Since Boomers started to turn 65 and began retiring, we have become a big segment of research studies. This should not be surprising as we already have been studied from the time of our birth, and the Boomer generation’s attitudes, lifestyles, consumer choices and values have had major impact on people of all ages. And since people are living longer, their ability or desire to work longer should not be limited by out of date age restrictions.
The Transamerica Center for Retirement Studies has just released a report called The New Flexible Retirement. According to the report, the mind set for working beyond retirement age varies around the world. For example, in China, the official retirement age is 50 for women and 60 for men, but the Chinese government is supposed to be working to change that. Sixty four percent of US workers say they plan to work past the age of 65 and many say they may never retire. This is a contrast to Japan where the survey respondents show that only 43 percent plan to work past 65, or France, where only 15 percent plan to work longer.
Many of today’s workers envision a flexible retirement, according to the study. But how they can extend their working lives is a complex problem. Often employers see their older workers as more expensive and less productive. Some have a real bias against older workers. And people doing physical labor may not be able to continue past 65.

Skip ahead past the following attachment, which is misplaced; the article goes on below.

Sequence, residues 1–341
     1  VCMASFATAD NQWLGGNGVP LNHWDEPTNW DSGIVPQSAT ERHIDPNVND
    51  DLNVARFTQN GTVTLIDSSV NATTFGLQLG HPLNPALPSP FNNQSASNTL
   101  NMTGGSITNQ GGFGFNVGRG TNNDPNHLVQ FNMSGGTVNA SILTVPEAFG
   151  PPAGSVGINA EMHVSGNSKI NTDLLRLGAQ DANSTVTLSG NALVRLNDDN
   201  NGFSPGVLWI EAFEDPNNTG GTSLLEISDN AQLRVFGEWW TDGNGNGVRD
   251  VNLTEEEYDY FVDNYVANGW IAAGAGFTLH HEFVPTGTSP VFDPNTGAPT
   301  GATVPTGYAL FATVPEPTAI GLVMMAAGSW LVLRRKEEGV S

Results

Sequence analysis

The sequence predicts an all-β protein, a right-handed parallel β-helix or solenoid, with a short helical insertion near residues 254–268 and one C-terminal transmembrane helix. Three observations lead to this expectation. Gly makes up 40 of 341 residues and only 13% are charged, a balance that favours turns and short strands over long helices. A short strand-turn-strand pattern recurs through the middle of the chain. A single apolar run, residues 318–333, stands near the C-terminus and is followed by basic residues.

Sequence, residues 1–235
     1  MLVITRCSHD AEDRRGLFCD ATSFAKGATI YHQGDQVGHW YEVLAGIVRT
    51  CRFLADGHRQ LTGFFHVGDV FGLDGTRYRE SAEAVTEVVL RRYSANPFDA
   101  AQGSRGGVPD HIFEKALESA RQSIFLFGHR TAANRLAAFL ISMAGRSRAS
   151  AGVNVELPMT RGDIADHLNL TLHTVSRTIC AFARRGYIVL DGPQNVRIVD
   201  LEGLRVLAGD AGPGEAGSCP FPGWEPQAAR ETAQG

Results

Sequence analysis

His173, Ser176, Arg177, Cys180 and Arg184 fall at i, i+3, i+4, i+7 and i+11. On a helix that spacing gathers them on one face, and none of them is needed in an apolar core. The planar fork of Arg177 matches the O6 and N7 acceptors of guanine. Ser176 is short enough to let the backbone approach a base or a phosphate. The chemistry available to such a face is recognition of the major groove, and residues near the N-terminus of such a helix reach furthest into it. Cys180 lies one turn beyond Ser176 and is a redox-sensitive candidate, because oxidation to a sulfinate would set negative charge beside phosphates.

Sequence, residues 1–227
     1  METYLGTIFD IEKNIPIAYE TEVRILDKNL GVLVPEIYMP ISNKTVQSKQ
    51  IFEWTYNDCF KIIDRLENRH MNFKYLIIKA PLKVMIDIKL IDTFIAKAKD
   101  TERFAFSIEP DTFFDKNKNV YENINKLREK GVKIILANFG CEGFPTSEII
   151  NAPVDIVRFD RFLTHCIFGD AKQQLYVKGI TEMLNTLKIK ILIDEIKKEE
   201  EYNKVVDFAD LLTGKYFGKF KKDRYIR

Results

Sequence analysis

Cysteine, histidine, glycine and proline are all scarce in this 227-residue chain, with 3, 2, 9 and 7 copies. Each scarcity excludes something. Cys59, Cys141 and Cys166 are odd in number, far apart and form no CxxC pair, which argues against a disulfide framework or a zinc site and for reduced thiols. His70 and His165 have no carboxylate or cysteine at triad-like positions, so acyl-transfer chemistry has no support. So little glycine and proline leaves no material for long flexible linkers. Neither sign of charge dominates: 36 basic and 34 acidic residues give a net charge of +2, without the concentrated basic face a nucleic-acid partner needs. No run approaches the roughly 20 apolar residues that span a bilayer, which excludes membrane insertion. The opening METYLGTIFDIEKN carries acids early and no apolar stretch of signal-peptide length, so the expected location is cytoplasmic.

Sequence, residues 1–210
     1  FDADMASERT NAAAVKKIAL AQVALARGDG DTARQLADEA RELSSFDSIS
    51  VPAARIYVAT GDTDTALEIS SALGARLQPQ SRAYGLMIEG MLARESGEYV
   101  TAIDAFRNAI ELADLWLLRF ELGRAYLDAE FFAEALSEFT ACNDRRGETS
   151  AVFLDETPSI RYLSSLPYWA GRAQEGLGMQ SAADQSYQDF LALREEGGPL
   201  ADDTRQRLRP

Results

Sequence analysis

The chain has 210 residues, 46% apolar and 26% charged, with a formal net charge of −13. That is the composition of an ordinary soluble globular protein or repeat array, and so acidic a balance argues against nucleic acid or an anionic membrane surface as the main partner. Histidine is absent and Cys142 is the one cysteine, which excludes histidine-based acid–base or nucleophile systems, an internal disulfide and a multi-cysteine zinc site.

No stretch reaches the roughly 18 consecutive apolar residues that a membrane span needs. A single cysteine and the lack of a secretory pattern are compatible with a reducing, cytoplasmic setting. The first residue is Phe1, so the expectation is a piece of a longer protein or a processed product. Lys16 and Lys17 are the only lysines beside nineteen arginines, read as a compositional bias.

The solution to working beyond retirement age is flexible working hours and sometimes a change of tasks. But first, this means that employers must buy in to the concept of flexible retirement and create ways their valued employees can continue to work and contribute to the company. Only 25 percent of the survey participants said their American employers were doing anything to give them the opportunity to reduce working hours or shift into part time work as they get closer to retirement. Employers need to asses their needs and retain older workers to maintain institutional knowledge and prepare for possible future labor shortages.
The report suggests that employers create an aging-friendly environment for employees so both younger and older workers can thrive. These should be designed to break down stereotypes relating to age and take advantage of the skills and experiences that each generation can bring to the workplace. Recommendations also include protections from age discrimination as well as eliminating policies that would affect retirement benefits in a negative way.
The New Flexible Retirement findings should generate ideas that will help workers and employers achieve their retirement goals. Copies of the report can be obtained from the Transamerica Institute, a nonprofit foundation dedicated to educating the public about retirement and other issues facing Americans today.